When my kids get scared about losing me, I say, “Don’t worry, I’m trying to live to be 100 years old. That’s why I always eat salad.” This relaxes them. Plus, it helps them understand why I constantly eat vegetables, which can be confusing to Happy-Meal-loving children.

The majority of Americans want to live to be 100, but unfortunately, life expectancy in the U.S. is 76.4, the lowest it has been in two decades. After hearing this statistic, I began to worry. It’s entirely possible that I may never become an adorable centenarian who knits blankets, grows tomatoes, and eats Werther’s Original candies.

Luckily, Netflix has given me a life plan to get to the golden century mark.

Live to 100 is a documentary that investigates day-to-day life in the “Blue Zones,” where, compared to the rest of the world, far more people reach age 100. The four-part series follows Blue Zone expert Dan Buettner as he travels the globe to uncover habits that keep centenarians ticking. Not surprisingly, the show jumped into the Netflix Top 10 right after its release on Aug. 30.

Folks, I watched this show and came to a realization. I’ll never live to 100 unless I change my parenting style. Seriously. I can eat salads and run marathons, but I’ll never achieve the coveted full century unless I modify my parenting practices.

Many of the wise 100-year-olds on the show have a family life that’s pretty different from my own. In Sardinia, ladies work together to cook meals, men are out in the fields with sheep, and families gather at the end of the day to laugh, play, and talk.

After sharing these idyllic scenes, the documentary notes that the stress rate of Americans exceeds the global average by 20%. This should be no shocker to moms scooting kids to school, appointments, and activities while squeezing in homework help and prepping healthy meals. Oh, and some moms have demanding careers on top of it all!

Well, the documentary gives a Blue Zone solution for stress. Here’s what it is: A 93-year-old man stands on a serene mountainside watching over his flock of sheep, and in the evening, he will return home to share stories and wine with friends.

So, what does this have to do with stressed-out moms? Everything.

“Today in our urban world, through social media and news media, we are brought all of the problems of the whole world,” says Mithu Storoni, a neuro-ophthalmologist. “These are problems you cannot physically control, but you can control how you treat your goat to make sure your flock is healthy.”


Ah-ha! I do not have any goats, but I do have kids — and I could definitely set aside my phone more often to pay attention to them. I can talk with them about their school day and their challenges, and even if I can’t fix everything for them, I can make them feel better by ensuring their time at home is safe and supportive.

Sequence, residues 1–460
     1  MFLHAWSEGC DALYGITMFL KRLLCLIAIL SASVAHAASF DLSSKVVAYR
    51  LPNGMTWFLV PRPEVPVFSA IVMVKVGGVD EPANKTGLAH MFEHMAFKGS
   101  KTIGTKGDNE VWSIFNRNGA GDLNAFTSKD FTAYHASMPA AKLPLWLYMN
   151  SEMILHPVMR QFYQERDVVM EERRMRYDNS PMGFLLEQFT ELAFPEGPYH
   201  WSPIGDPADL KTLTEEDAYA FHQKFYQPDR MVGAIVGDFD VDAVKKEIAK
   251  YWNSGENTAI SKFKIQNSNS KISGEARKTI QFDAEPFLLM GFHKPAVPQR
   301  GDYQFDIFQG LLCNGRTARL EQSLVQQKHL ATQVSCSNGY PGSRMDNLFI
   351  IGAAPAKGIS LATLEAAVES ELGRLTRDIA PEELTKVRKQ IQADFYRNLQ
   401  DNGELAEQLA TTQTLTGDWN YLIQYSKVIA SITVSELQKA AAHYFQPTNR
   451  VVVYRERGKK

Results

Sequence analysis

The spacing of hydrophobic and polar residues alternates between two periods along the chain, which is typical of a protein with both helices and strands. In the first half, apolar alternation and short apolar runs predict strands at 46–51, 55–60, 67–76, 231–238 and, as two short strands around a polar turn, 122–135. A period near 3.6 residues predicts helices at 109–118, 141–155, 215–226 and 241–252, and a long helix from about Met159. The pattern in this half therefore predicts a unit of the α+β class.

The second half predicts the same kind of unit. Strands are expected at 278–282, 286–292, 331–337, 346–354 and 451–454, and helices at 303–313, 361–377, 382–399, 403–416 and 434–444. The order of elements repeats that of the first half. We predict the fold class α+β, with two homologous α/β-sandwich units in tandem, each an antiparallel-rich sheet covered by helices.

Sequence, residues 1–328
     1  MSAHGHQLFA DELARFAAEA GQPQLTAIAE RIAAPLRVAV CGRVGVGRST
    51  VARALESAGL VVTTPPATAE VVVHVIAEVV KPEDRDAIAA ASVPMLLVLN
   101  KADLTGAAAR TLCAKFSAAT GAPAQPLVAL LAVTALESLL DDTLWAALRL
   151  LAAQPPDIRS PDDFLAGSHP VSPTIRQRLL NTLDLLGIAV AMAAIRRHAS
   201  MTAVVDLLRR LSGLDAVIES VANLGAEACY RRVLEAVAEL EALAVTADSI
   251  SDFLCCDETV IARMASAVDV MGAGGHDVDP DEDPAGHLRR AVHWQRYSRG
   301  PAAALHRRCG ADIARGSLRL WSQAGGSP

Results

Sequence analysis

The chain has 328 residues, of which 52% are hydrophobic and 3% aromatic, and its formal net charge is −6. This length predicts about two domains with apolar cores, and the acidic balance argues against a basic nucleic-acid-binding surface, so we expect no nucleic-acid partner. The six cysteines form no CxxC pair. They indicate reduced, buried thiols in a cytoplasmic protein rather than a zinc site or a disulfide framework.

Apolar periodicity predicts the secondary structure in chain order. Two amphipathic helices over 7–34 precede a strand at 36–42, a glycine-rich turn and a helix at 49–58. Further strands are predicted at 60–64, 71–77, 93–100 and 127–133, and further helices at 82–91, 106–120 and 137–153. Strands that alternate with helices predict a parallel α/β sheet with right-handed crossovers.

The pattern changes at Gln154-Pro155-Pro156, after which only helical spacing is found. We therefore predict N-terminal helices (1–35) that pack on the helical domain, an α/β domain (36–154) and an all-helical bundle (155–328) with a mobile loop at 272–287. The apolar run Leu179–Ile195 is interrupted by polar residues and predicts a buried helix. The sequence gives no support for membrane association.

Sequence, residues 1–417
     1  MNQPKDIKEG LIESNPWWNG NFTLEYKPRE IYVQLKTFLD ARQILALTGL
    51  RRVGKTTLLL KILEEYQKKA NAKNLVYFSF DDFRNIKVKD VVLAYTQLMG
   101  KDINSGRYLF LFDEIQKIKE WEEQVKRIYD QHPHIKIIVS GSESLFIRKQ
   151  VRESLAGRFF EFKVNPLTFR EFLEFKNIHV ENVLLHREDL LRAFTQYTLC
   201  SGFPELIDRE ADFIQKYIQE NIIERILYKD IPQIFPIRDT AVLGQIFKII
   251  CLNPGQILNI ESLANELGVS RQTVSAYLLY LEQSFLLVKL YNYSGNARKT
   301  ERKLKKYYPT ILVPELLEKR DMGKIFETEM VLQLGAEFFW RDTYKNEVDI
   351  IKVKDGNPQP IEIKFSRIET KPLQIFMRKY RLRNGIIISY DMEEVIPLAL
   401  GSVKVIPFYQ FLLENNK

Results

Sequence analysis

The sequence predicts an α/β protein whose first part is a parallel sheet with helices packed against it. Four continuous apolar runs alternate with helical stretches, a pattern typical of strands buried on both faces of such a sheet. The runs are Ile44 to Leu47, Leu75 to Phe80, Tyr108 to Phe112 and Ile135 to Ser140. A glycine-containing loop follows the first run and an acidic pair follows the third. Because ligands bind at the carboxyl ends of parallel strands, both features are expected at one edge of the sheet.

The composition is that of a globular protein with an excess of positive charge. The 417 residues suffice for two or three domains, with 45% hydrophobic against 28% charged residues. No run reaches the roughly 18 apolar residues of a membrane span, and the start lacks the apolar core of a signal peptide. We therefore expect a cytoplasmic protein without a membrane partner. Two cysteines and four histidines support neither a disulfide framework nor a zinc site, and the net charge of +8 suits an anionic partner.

Seeing problems you cannot solve across social media will stress you out. Instead, we need to actively take control of challenges, get social support, and adapt based on available resources. Called “active coping,” this tactic is amazingly good for your mental health.

In all of the Blue Zones, people have strong support systems and spend tons of time socializing.

One night, while making dinner, I watched as the families in the documentary played games together, exercised together, and cooked together. I looked up from the meal I was preparing and noticed my son watching TV and my daughter playing games on a tablet.

In America, most kids spend 5-7 hours on screens daily, and the number is far higher for adults.

At my house, there are days when screen time is minimal, but there are also plenty of days when my kids come home from school and watch TV. They’d probably have more fun helping me cook dinner, but I usually feel too tired to engage. Considering that 100-year-olds still have the energy to garden, play games, and sing songs, now I question whether I’m actually tired or if I’m being lazy.

Umeto Yamashiro, a 101-year-old lady from Japan, says, “Always have fun. Don’t get angry. Have fun with everyone. Make everyone happy.”


Perhaps the key to having more energy is trying to have more fun.

These centenarians are not sitting around at a nursing home; they’re living in multigenerational houses with their children and grandchildren. Before you say, “But I hate my in-laws,” consider this — there’s a phenomenon called the “Grandmother Effect” that shows households with a grandparent, children, and grandchildren have lower rates of disease and better outcomes in life.

“When you know someone needs you and wants you to be in their life, that gives you longevity,” says Lorida Medina, an active 84-year-old from Loma Linda.

If being wanted and needed can help you live longer, mothers are ahead of the game.

There’s no one on earth who wants me more than my 4-year-old, who likes to snuggle in the middle of the night. So, next time I hear “Mommmmyy” at 3 a.m., I’ll be springing out of bed with a new attitude: These nighttime wake-ups might give me bags under my eyes tomorrow, but overall, I’m a tiny step closer to 100. Maybe.

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